Building a home with concrete - the Romans did it, why shouldn’t we? Though the Romans might have been less concerned with energy efficiency than we are today, they certainly understood the flexibility and durability that building with concrete allows. When it came to building his own home, Doug Lowe, owner and president of Artisan Construction, Inc. in Charlottesville, Va., decided to try insulated concrete forms (ICFs) to get some firsthand experience.

As a central Virginia green builder, Lowe has built with SIPs, Thermasteel panels, advanced framing techniques and modular construction. ICFs seemed like the next technology to experiment with. Achieving ENERGY STAR ( www.energystar.gov), Earthcraft (www.earthcrafthouse.com), and LEED for Homes (LEED-H/www.usgbc.org) certifications, his home bolstered the energy efficiency claims made by ICF manufacturers. The home had the tightest envelope (.08 ACH) seen by testers in the area, and was rated by Home Energy Rating Services (HERS) at 94. The HERS rating process evaluates expected annual energy costs in a home. In fact, Lowe’s energy bills since moving into the house eight months ago have been 50-70 percent less than other homes of similar size. He is even showing a 20-30 percent reduction compared to his previous home - and that home had geothermal heating and cooling.

ICFs are a big part of the home’s energy efficiency because they provide such a tight envelope and good insulation, but efficient HVAC systems are the other crucial element. In his home, Lowe decided to condition both the basement and the attic. This dramatic increase in square footage reduced the project’s LEED score by 18 points, but actually increased the efficiency of the HVAC system, decreased its size from 6-8 tons to three tons, and allowed all ductwork to be run in conditioned space. “It was like starting the game 18 points in the hole, but it was the right thing to do from an energy-efficiency standpoint,” says Lowe.

Such a tight envelope was created by the ICFs that special attention needed to be paid to the home’s indoor air quality. Photo by M. Doug Lowe.

With such a tight envelope, Lowe had to pay special attention to indoor air quality. The HVAC system includes a fresh-air intake on an automatic damper, with an integrated dehumidifier. By controlling the quality and moisture level of the incoming fresh air, the mechanical systems can run at maximum efficiency and adjust to the challenges posed by the mixed-humid central Virginia climate.

Low-/no-VOC finishes and materials are the second part of maintaining indoor air quality in a tight home. All carpets, carpet pads, paints, adhesives and coatings in the home are low-VOC. Other indoor air quality measures in the home include a detached garage, radon protection measures, and a direct-vent gas woodstove.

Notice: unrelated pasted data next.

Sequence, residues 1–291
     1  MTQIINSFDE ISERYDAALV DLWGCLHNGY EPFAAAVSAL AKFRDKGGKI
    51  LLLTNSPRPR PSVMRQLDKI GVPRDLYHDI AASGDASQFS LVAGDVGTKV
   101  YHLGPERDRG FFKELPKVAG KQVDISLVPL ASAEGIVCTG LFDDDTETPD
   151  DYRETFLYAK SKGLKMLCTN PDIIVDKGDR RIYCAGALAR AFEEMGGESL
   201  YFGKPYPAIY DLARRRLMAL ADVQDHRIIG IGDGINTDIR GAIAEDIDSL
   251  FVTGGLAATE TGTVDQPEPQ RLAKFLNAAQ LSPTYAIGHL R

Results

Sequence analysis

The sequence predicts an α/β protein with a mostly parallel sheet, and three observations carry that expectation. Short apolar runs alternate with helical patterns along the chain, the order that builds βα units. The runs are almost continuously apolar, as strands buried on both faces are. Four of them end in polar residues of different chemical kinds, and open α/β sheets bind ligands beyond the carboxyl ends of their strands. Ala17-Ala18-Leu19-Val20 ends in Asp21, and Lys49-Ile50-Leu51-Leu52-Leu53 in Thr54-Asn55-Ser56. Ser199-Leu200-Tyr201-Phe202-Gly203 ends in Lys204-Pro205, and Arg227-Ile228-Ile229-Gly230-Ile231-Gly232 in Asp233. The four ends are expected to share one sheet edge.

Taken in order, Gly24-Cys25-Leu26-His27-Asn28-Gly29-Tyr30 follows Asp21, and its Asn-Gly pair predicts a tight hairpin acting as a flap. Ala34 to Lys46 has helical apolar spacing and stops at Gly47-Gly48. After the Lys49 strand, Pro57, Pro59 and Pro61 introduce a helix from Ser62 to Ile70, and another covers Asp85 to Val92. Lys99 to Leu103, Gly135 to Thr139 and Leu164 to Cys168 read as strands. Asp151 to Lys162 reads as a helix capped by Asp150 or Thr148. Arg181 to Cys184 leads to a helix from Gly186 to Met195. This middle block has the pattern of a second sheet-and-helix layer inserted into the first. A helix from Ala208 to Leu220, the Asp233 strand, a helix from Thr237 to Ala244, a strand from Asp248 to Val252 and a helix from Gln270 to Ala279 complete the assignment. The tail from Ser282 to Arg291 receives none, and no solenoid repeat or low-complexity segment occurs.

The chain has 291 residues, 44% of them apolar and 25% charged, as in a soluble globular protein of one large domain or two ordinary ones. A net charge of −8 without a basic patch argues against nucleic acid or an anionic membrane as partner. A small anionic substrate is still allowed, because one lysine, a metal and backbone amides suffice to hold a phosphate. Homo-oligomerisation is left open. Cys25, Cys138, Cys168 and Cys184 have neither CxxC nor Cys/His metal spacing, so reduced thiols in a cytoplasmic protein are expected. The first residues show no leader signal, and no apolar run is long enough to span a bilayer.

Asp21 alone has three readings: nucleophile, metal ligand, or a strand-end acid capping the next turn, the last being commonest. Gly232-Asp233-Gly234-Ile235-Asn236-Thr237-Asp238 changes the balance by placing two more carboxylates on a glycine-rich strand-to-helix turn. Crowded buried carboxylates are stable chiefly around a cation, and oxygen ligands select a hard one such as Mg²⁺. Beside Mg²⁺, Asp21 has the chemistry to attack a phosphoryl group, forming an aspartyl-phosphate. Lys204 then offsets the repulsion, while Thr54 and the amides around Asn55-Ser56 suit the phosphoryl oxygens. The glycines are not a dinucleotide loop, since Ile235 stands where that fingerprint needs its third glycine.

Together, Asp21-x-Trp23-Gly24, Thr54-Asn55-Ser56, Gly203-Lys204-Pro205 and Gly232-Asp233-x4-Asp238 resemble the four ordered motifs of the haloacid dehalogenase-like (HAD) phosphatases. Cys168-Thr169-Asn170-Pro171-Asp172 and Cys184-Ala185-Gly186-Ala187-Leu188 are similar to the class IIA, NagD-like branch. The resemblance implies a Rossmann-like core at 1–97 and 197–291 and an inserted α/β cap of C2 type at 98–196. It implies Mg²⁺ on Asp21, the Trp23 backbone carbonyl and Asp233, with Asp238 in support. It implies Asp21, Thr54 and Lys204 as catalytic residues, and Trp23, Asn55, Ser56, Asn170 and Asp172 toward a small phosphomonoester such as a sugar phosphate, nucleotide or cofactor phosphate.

Reducing a home’s energy footprint first, then considering high-efficiency means of heating and cooling, is the Artisan philosophy. This allows for dramatic reductions in energy consumption in a home, though Lowe and Artisan are currently analyzing the various tradeoffs. Concrete requires a great deal of energy to produce, but is it offset by the energy savings in the home over time? Bamboo is a rapidly renewable material used for flooring and casework, but it requires shipping from China on a CO2-belching cargo ship. (Lowe opted for reclaimed pine flooring from a barn in Pennsylvania for his home.)

“Five, 10 years ago, no one was asking these questions. It was always about the cabinets or the trim; now energy efficiency and indoor air quality are our first concerns with clients,” explains Lowe.

Reducing the energy footprint of a project also extends to demands on public utilities, from the power grid to stormwater management. Lowe’s house features a rainwater collection and filtration system, which supplies the house with 100 percent of its potable water needs, and is capable of processing 60,000 gallons of water a year. No stormwater leaves the site, all plants are native and drought resistant, and demands on local groundwater sources are reduced by using the collection system. Lowe also plans to install PVs on the roof, and a wind turbine in the yard to further reduce the home’s reliance on fossil-fuel energy.

But all of these energy savings begin with a tight envelope. And for this, Lowe found the ICFs indispensable. They were easy for the carpenters to install, they reduced wood scraps generated on the job, and even provided hidden aesthetic benefits too - in the form of 8-inch-deep windowsills.

Artisan will now be adding ICFs to their list of field-tested and proven technologies. With continued monitoring and field research on several upcoming SIP, advanced framing, and ICF projects, Artisan will continue the collaboration, discussion and testing of green and sustainable technologies and methods in the field.

SIDEBAR:lowe residence stats

Location: Crozet, Va.

Completed: Spring 2006

Size: 5,500 Square Feet

• Finished Basement – 1,500 Square Feet

• First Floor – 1,600 Square Feet

• Second Floor – 1,600 Square Feet

• Finished Attic – 800 Square Feet



Certifications:

Energy Star

Earthcraft House Virginia

Leed For Homes



Project Team:

Architect: The Gaines Group, Charlottesville, Va.

Builder: Artisan Construction, Inc, Charlottesville, Va.

HVAC Contractor: Albemarle Heating And Air, Charlottesville, Va.



Materials:

Icfs: Amvic Building Systems, Toronto

Concrete: Allied Concrete, Charlottesville, Va.

Rainwater Collection System: Rainwater Management Systems, Salem, Va.

Flooring: The Wood Company, Reclaimed Heart Pine Flooring

Carpet: Mohawk Recycled Pet Carpets; Cri Green Label Carpet Pads

Windows: Weathershield, Double Paned Argon Filled, U Factor = .31; Shgc = .29

Decking: Envirosafe Plus Borate Treated Lumber Forest World Group, Fsc Certified Cumuru

Roof Insulation: Biobased Insulation, Soy-based Insulation

Siding: Hardi Plank